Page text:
8 places of interest in Tokyo

It’s been 10 years since my last trip to Tokyo and from memory Tokyo was fairly advanced but perhaps years of deflation has taken the “sparkle” out of the city. I tried to think of one thing you must do in Tokyo but it was just too hard, so instead I’ll share a few places we visited and found enjoyable and hope you will too.

1. Tsukiji Fish Market 築地市場
Jonai Shijo (inner market) & Jogai Shijo (outer market)

Visiting this world famous fish market that has been in operation for around 80 years on 30 December meant big crowds and being pushed along but fortunately coming from Hong Kong we’re use to the crowd. The inner market as you’d expect has all the seafood you can imagine and very old school but unfortunately the government has decided to move the market to more hygienic/modern facilities so for anyone who wants to see this historic market, you better be quick.

The outer market features all kinds of traditional Japanese foods and items sold from the street-side stores. Living in Sydney, fresh salmon is readily available so to be honest we couldn’t really taste the difference but gosh the sushi rice was to die for.

2. Asakusa 浅草

One of the attractions at Asakusa is the Sensō-ji Buddhist Temple 金龍山浅草寺 with it’s giant red lantern (chōchin 提灯). Entering from Kaminarimon 雷門, you stroll through Nakamise Dori which is a great place to buy souvenirs and try local snacks like senbei (rice crackers )and ningyoyaki (sweet bean cake). We were lucky enough to see a little girl in full traditional costume and took the opportunity to take a photo with her. Apparently hair and make up itself costs a fortune.

Sky Tree

Sky Tree

 From Asakusa you also get a great view of Tokyo’s Sky Tree.

3. Akihabara 秋葉原

Akihabara is known by the locals as an otaku cultural centre which refers to people with obsessive interests, commonly with anime and manga. It’s also often referred to as ‘electric city’ famous for the numerous discount electrical stores.

A number of “Maid Cafes” can be found in the area and having visited one, all I can say is it was certainly an odd experience and not my thing. But before you get the wrong idea, it’s really innocent “fun” where the staff (young girls) dress in costume and try to be kawaii (cute).

4. Shinjuku 新宿

This neon-lit Shinjuku is quite amazing just as seen in movies/TV and definitely better to visit at night where most shops are opened till 10pm.

Home to the busiest train station in the world with over 60 exits and kilometres of underground passage ways leading in all directions, which feels a bit like a maze. Navigating above ground is probably easier, at least you can try and remember landmarks like department store Isetan 伊勢丹.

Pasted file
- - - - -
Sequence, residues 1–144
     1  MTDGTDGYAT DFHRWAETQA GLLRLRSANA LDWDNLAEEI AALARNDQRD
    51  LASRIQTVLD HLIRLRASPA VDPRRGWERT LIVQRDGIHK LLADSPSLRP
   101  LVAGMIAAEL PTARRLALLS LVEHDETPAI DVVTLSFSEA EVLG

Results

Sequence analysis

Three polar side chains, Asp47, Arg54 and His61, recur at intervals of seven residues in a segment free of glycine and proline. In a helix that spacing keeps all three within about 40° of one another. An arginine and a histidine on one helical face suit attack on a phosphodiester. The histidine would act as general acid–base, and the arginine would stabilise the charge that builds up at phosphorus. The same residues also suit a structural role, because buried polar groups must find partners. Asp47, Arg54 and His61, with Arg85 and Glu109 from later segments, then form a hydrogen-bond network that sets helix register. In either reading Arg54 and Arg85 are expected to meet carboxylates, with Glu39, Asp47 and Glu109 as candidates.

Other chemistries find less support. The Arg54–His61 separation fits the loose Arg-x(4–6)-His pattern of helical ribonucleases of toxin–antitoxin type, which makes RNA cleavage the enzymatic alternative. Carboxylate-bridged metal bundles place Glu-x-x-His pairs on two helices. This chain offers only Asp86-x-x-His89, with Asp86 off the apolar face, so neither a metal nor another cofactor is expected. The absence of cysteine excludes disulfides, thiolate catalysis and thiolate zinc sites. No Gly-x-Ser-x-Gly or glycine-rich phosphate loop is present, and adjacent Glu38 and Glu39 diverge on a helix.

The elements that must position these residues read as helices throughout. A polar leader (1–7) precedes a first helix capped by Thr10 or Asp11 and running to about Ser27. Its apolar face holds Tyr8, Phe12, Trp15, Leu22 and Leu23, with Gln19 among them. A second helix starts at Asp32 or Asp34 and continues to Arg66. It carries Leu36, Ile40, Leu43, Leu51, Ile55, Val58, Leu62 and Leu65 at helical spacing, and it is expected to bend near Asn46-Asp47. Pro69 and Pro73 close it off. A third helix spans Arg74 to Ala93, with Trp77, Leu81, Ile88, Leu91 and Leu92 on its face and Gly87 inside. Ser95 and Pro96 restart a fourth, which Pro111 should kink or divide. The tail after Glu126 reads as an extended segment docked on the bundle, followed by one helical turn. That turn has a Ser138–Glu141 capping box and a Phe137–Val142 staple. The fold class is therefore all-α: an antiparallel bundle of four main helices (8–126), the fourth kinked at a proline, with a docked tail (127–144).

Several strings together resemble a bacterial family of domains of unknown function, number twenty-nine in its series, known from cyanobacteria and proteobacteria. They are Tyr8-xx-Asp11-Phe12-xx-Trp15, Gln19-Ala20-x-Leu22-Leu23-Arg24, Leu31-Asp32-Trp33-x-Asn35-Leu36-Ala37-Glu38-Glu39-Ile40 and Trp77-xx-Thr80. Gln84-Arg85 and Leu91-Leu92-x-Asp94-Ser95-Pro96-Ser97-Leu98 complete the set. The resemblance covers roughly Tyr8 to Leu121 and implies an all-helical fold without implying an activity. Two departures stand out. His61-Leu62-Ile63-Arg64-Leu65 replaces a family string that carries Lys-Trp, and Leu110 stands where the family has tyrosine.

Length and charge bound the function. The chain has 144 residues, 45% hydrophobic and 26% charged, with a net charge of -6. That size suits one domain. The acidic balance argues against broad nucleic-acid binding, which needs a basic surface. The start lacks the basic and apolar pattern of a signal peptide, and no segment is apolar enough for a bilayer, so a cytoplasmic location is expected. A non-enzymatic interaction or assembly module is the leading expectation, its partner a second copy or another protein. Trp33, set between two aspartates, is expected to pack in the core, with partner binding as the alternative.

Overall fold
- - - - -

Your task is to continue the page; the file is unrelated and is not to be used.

5. Ginza 銀座

Ginza is an upscale area of Tokyo with numerous department stores, boutiques, coffee houses and restaurants. Most of the European luxury brands operates a cafe in Ginza but we were attracted by Bvlgari’s giant lit-up collier Serpenti. Prices aren’t overly excessive, a cappuccino goes for around AU$10 and a crème brûlée for AU$18 plus service charge, but you get to sit back and enjoy a bit of luxe. 

6. Omotesando 表参道

Omotesando is known for its architecturally designed luxury brand flagship stores making it an upscale shopping area. Take a stroll  behind the main tree-lined avenue and you’ll find these beautiful houses and condos.

As we walked along, we unexpectedly came across Bills by Australian Chef Bill Granger, and what a pleasant surprise. The queue at the restaurant was at least an hour long but as we turned away, we got offered a table on the balcony which most locals shied away from because of the sun. Lucky for us…the food was absolutely amazing and was definitely the highlight for our visit to Omotesando.

7. Odaiba お台場

Rainbow bridge from Odaiba

Rainbow bridge from Odaiba

A large artificial island in Tokyo Bay connected by the Rainbow Bridge from Central Tokyo, Odaiba is a major commercial, residential  and leisure area. The view back towards Tokyo’s stunning skyline is breathtaking.

You don’t have to go to NYC to see the Statue of Liberty, there’s a replica at Odaiba. The Trick Art Museum is worth a visit and you can take some really funny photos but it takes a while to get use to. The giant Gundam model at DiverCity is super cool, check it out even if you’ve never seen the anime.

8. Gotemba Premium Outlet 御殿場プレミアム・アウトレット

Shopping in Tokyo may lean towards the more expensive side compared to other Asian cities unless you’re going for local or brands that manufacture in Japan – Burberry is one of them. To get more bang for your buck, try Gotemba Premium Outlet which has over 200 stores near Mt. Fuji, not far from Hakone. Whilst it’s not half as exciting as Woodbury Common in New York, the views of Mt. Fuji does make up for it. Traffic can be pretty bad on busy days so going by train may be a better option than the express bus.

Main street of Ginza

Main street of Ginza

So here’re my 8 places of interest in Tokyo and remember to check out my review on the superb Conrad Tokyo. Like many of our trips, we joined a local private tour – The Backstreet Guides which did a fantastic job of showing us around Tokyo including some of the places mentioned above. If you’d like more information on any places, leave me a message.

 

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